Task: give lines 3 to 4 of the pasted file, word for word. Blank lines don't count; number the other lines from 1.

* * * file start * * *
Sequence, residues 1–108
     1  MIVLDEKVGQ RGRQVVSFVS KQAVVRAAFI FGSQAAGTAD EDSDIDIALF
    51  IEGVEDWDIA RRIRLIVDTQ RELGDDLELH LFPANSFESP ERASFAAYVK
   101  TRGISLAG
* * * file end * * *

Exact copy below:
    51  IEGVEDWDIA RRIRLIVDTQ RELGDDLELH LFPANSFESP ERASFAAYVK
   101  TRGISLAG